Diocesan News

School celebrates human dignity

LINCOLN (CRC/SNR) – Cathedral of the Risen Christ School in Lincoln celebrated its second annual “Dignity Day” Jan. 13, themed “The only disability in life is a bad attitude.”

Principal Jeremy Ekeler said the school’s “Dignity campaign” was launched in 2015, with a special focus on treating one another in a Christ-like manner. Each month the school has a special “soft skill” focus such as random acts of kindness, saying “please” and “thank you,” how to shake hands, how to avoid interrupting, and more. Ekeler said teachers seamlessly bring the campaign into their curriculum across all subjects.

“The amazing thing about the Dignity Campaign is that it is so easily implemented,” said eighth-grade teacher Mrs. Wiebusch. “It’s what we are all called to do as children of Christ. The campaign has made us more aware and direct in making those lessons practical.”

Posters with the school’s Dignity Pledge are signed annually by all students and staff in the building, as a sort of contract to each other. The Dignity Pledge is also reaffirmed each morning. The children pledge to: “Be respectful, be positive, be honest, be thankful, be responsible, be patient, be saintly, recognize the dignity of all human beings, see Christ in others, be like Christ to others.”

At the school’s daily Mass Jan. 13, assistant pastor Father Justin Fulton preached on recognizing dignity in each other. Throughout the school day eighth-graders Tabitha Heftie and Emily Korinek, members of the school’s Dignity Ambassadors, went room to room, telling the story of people with disabilities and what blessings they are to the community. Other ambassadors read books to children that focused on respect for each other.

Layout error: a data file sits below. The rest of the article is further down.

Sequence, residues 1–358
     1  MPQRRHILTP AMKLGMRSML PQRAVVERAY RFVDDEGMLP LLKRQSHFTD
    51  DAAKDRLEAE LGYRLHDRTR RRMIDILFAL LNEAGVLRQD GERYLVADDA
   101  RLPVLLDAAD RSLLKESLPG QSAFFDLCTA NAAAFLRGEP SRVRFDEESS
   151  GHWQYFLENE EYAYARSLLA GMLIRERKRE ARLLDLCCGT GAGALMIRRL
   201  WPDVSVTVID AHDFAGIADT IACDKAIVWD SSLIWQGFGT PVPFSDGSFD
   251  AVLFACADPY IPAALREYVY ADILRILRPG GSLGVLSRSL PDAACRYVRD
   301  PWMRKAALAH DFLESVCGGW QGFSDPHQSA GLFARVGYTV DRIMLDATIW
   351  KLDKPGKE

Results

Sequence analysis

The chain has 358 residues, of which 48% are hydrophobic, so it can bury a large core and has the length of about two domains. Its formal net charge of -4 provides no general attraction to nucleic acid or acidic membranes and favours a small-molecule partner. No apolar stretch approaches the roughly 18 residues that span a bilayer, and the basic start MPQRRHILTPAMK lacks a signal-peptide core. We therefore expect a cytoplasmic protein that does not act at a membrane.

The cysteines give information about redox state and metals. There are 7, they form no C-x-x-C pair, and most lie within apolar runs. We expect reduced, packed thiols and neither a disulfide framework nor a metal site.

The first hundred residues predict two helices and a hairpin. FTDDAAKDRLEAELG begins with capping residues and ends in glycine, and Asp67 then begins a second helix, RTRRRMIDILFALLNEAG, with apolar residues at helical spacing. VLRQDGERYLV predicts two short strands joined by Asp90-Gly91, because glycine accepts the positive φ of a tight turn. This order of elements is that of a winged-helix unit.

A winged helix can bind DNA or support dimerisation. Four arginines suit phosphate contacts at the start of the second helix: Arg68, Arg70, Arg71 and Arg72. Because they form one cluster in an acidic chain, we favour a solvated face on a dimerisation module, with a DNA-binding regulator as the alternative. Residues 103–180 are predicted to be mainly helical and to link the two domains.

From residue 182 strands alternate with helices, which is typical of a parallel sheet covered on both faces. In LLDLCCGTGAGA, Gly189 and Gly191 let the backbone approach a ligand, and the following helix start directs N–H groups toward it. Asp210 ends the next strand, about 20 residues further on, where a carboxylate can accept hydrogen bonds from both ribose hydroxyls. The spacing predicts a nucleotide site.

Mr. Ekeler kicked off an afternoon assembly reminding students and staff that the day was a reward for the inspiring way they treat each other and hold one another accountable.

Guest speaker Bishop James Conley then gave a presentation on the story of a young girl, Lucette, raised by atheist parents in Morocco, who came across a picture of a crucifix and felt compelled to learn about the man on that cross, and his incredible act of love and dignity. The girl eventually grew up to be Mother Veronica Namoyo Le Goulard, a Poor Clare nun in Algiers.

Finally, Cathedral’s St. Cecilia junior high choir teamed with the i2Choir of Lincoln for several songs by each choir. The i2Choir is directed by Dr. Rhonda Fuelberth of the University of Nebraska-Lincoln and is composed of people with special needs who perform with mentors. The choir encourages teams who would like to sing with, and support, family members and friends with a variety of physical, sensory, and cognitive challenges.

Dr. Fuelberth included the audience in songs, teaching the students and audience members simple melodies and even sign language to accompany the singers.

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